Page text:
EvidenceProf Blog

Editor: Colin Miller
Univ. of South Carolina School of Law

Friday, January 26, 2018

Cyntoia Brown & the "51-To-Life" Project: Wisconsin

This is the forty-ninth in a series of posts on the "51-To-Life" Project. In Tennessee, if a juvenile is convicted of first-degree murder, there are two sentencing options: (1) life without the possibility of parole; or (2) life with the possibility of parole, with that possibility only existing after the juvenile has been incarcerated for 51 years. In this post, I will explain why Wisconsin treats juvenile homicide offenders better than Tennessee.  

Wisconsin still allows for a juvenile life without parole sentence. Wisconsin Statutes Section 304.06(b), however, states that

Except as provided in s. 961.49 (2), 1999 stats., sub. (1m) or s. 302.045 (3)302.05 (3) (b)973.01 (6), or 973.0135, the parole commission may parole an inmate of the Wisconsin state prisons or any felon or any person serving at least one year or more in a county house of correction or a county reforestation camp organized under s. 303.07, when he or she has served 25 percent of the sentence imposed for the offense, or 6 months, whichever is greater. Except as provided in s. 939.62 (2m) (c) or 973.014 (1) (b) or (c)(1g) or (2), the parole commission may parole an inmate serving a life term when he or she has served 20 years, as modified by the formula under s. 302.11 (1) and subject to extension under s. 302.11 (1q) and (2), if applicable. The person serving the life term shall be given credit for time served prior to sentencing under s. 973.155, including good time under s. 973.155 (4). The secretary may grant special action parole releases under s. 304.02. The department or the parole commission shall not provide any convicted offender or other person sentenced to the department's custody any parole eligibility or evaluation until the person has been confined at least 60 days following sentencing.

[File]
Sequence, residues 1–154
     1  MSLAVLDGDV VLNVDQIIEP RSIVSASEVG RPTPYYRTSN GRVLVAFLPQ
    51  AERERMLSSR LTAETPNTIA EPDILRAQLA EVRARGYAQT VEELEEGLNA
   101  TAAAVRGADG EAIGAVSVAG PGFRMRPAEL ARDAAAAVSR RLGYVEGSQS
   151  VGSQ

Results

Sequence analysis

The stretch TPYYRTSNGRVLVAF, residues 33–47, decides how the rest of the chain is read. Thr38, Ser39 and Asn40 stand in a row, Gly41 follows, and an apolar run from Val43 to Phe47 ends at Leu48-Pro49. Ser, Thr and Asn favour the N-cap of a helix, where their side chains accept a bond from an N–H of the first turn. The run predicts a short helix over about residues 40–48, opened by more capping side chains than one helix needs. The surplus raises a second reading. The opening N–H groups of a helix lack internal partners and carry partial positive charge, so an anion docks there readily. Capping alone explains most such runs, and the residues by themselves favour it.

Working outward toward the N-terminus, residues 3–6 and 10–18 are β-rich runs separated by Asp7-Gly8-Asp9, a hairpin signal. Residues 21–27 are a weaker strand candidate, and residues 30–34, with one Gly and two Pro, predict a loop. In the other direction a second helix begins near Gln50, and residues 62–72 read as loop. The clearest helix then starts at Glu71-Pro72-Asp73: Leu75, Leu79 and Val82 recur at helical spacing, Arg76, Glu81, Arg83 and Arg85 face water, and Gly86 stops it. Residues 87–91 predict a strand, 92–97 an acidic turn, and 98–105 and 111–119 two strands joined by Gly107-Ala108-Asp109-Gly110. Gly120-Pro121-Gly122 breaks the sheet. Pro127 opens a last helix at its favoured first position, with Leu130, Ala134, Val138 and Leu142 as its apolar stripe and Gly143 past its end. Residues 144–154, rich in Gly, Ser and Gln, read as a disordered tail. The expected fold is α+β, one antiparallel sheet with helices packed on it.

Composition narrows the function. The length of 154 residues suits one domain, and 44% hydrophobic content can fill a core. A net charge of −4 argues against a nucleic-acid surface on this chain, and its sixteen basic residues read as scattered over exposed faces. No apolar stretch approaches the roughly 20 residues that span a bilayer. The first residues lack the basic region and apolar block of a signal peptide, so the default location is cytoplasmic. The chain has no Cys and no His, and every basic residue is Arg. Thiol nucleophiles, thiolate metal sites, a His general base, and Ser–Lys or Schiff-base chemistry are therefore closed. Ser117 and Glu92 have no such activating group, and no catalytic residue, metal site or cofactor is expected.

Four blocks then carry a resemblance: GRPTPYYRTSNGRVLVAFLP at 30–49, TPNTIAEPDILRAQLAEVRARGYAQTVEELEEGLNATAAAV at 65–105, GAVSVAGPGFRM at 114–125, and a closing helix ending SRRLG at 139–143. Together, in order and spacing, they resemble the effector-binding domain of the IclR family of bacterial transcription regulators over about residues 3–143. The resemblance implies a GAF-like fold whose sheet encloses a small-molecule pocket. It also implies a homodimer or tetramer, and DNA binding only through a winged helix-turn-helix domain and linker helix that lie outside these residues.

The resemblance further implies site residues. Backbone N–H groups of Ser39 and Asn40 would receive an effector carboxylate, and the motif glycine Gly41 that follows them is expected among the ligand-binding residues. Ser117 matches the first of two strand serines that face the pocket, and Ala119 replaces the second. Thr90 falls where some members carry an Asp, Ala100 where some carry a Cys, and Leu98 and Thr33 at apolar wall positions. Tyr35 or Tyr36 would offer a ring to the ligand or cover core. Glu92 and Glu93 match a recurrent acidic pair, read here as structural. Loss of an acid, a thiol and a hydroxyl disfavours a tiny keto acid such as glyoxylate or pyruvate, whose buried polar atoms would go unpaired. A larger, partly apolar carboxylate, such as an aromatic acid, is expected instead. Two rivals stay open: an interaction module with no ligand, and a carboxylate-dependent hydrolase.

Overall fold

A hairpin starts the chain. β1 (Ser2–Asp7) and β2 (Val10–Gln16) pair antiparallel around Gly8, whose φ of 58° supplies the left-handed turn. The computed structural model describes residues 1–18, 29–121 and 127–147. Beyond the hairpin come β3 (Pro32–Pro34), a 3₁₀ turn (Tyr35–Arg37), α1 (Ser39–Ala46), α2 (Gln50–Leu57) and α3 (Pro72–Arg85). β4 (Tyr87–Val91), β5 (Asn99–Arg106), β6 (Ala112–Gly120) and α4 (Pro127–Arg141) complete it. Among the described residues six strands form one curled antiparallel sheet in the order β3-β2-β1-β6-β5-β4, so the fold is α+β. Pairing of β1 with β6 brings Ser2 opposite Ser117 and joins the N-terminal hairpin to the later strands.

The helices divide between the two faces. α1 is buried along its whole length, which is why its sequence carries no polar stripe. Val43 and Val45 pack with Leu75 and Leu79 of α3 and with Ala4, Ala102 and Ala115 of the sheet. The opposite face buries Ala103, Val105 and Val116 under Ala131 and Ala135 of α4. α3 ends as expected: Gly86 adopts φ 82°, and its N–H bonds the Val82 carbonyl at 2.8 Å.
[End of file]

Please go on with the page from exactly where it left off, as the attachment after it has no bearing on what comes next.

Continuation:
Therefore, a juvenile homicide offender in Wisconsin could be released after serving twenty years. As a result, Wisconsin treats juvenile homicide offenders better than Tennessee.



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This information is outdated-it is only applicable to persons who were convicted generally prior to 2000. We no longer have parole in Wisconsin. I will send you the present law if you give me an email address to send it to.

Posted by: robert donohoo | Jan 26, 2018 6:41:22 AM

Thanks. You can send it to Miller933@law.sc.edu

There must be some possibility of parole for juvenile offenders, though, because there can't be be a mandatory juvenile life without parole sentence.

Posted by: Colin Miller | Jan 26, 2018 5:59:01 PM

Is it Section 973.014, which also allows for release after 20 years?

Posted by: Colin Miller | Jan 26, 2018 6:02:03 PM

Yes-it is 973.014 and 302.114.

Posted by: robert donohoo | Jan 28, 2018 9:13:50 AM

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